The psychologist Carl Jung understood the human struggle for health and wholeness as a deeply spiritual matter. He observed that there are two sides to every person: the person we want to be and the person we don’t want to be. The person we don’t want to be Jung called our shadow. Because we don’t want to be this person, we pretend that it doesn’t exist. We may do that by living in denial or we push it deep down inside so that we can’t see it anymore. We work hard to keep the shadow side of ourselves hidden from everyone, including ourselves. You might say, we’re afraid of our own shadow.
Our shadow isn’t always negative. Sometimes it can be positive. For instance, think of the super macho man who spends his whole life denying his feminine shadow. By doing this he cuts himself off from an important part of who he is as a person. If he can acknowledge the positive aspects of this shadow side and incorporate those into his life, he’s taking an important step toward becoming a whole person.
Of course, there are also parts of our shadow side that are negative and a failure to confront them can be a great obstacle toward becoming our true selves, the people God created us to be. When we refuse to see our shadow side, we’re living in darkness. And nothing good can ever come of living in darkness. Think about Roman Catholic priests who, after taking a vow of celibacy, may deny their own sexual needs, repressing their shadow. In recent years we have seen how living in that kind of darkness has caused irreparable damage to individuals and the larger Church.
If you might be wondering what your own shadowy make-up is, here’s one indicator. Think about the people who really get under your skin. What disturbs you most in their behavior? There’s a good chance that what you’re reacting to is your own shadow side that you can see in that other person. In fact, the more irritated you are with another person, the less likely it has to do with something about that person and the more likely it has to do with something about you. It may point to the part of you that you’ve been repressing because it’s not the person you want to be.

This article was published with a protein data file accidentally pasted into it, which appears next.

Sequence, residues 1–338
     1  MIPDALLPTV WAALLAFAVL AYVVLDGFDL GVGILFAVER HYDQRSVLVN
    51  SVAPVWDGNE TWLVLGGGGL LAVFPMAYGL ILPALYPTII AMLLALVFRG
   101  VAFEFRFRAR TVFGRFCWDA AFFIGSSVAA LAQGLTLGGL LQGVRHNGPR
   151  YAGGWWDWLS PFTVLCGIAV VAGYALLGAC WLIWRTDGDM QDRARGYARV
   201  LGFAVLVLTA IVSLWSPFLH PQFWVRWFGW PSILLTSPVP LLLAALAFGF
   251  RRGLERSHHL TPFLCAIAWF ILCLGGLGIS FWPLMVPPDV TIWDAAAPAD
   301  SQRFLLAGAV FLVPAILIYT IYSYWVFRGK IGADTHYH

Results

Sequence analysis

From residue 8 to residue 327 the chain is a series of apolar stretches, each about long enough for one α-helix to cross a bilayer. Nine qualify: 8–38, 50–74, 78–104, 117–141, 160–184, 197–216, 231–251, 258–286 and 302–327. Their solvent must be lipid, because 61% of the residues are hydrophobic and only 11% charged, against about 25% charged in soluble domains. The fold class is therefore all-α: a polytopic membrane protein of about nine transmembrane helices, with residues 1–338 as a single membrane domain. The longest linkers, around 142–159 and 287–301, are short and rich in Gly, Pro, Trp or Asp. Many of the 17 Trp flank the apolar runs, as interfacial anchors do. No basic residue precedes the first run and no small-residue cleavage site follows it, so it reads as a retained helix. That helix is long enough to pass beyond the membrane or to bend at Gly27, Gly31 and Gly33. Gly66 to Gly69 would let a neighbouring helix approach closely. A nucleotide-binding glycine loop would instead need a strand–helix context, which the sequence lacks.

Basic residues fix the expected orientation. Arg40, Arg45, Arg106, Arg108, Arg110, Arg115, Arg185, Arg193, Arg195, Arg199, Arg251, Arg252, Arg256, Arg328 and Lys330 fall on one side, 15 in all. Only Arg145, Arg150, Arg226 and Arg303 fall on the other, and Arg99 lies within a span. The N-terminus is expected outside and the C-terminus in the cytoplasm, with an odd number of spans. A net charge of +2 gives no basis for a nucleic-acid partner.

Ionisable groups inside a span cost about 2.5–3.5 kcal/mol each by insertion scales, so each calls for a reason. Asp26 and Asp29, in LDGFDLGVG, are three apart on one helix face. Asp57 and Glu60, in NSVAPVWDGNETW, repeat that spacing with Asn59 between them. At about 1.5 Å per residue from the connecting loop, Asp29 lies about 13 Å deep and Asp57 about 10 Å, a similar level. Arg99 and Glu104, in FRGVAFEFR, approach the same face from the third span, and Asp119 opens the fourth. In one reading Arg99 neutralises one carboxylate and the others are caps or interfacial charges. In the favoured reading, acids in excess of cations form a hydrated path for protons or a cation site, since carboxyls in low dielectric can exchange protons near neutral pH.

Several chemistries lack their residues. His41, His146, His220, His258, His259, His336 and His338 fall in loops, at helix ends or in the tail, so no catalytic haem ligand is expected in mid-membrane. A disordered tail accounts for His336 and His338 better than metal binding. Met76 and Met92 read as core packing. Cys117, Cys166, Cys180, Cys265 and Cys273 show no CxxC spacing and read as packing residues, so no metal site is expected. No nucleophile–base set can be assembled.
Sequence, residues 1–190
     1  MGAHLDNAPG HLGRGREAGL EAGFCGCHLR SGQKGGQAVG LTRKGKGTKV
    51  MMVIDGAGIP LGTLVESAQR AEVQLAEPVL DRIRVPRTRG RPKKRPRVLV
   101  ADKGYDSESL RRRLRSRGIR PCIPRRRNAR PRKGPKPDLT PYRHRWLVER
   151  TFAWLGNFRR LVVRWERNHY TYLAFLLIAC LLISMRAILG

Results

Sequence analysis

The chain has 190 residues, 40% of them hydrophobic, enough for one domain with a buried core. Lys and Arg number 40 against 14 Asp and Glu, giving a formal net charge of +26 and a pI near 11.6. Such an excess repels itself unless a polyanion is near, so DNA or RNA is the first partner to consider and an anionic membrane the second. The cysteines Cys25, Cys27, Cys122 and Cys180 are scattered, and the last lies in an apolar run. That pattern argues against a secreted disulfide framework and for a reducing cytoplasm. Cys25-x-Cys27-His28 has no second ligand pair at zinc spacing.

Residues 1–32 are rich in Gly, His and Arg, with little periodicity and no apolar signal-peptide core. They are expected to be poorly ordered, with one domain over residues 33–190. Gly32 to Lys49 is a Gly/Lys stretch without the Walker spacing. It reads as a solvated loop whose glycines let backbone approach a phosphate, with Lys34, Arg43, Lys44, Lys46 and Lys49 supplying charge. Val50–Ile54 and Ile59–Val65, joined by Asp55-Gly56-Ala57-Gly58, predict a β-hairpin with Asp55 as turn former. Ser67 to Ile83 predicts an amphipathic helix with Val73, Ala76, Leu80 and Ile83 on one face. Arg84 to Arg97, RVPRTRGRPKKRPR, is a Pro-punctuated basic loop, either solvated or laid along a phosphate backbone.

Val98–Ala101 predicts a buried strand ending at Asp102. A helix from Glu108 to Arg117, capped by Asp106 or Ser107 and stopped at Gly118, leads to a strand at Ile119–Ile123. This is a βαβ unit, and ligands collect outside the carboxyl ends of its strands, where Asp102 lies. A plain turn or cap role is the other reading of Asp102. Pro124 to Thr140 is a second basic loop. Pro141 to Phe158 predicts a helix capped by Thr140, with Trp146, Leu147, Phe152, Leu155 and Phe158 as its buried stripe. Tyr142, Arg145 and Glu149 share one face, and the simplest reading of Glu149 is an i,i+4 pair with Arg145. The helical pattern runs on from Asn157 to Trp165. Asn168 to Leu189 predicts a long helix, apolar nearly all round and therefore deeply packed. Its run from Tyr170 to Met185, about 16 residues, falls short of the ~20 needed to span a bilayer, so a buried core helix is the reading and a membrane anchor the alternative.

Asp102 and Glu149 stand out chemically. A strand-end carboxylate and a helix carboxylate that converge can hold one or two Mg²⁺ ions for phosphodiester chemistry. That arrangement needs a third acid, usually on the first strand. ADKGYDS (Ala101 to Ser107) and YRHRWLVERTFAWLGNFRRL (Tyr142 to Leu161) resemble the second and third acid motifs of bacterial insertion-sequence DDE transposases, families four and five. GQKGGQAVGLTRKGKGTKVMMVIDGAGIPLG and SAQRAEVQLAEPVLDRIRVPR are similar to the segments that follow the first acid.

Jesus seemed to understand this when he counseled people to remove the log in their own eye before going after the speck in someone else’s eye. Our shadow side sends us railing against the actions of others rather than looking within ourselves. It takes a tremendous amount of courage to look at our interpersonal conflicts in the light. We’d much rather cast judgment and blame and act out in all kinds of other ways that keep us living in the darkness. After all, in the darkness no shadows exist.
Jung makes the important point that evil is not the shadow, but it is our refusal to meet the shadow. It’s not the shadow part of ourselves that causes pain and suffering in our lives, but it’s disregarding and repressing the shadow that does us in.
We can only see our shadow in the light. For Christians, our light source in Christ. He is the light who always encourages us to acknowledge our shadow. He does it with a gentle, nonjudgmental approach that brings us to true repentance. By accepting us completely, including our shadow side, he frees us to see ourselves in the light of his love. When Jesus is a part of our lives, we’re living in the light. We’re no longer afraid of our own shadow. That's when we grow into our authentic selves, the people God created us to be.
This is what salvation means to me. It's not a ticket to heaven. It's an unfolding relationship with God that is leading me toward wholeness. That's why I can say that Christ is my light and my salvation. I believe my mission as a pastor is to encourage and support people who are also on a journey toward authenticity and wholeness. The best way I know of helping them do that is leading them into a deeper relationship with Jesus. Everything else is just fluff.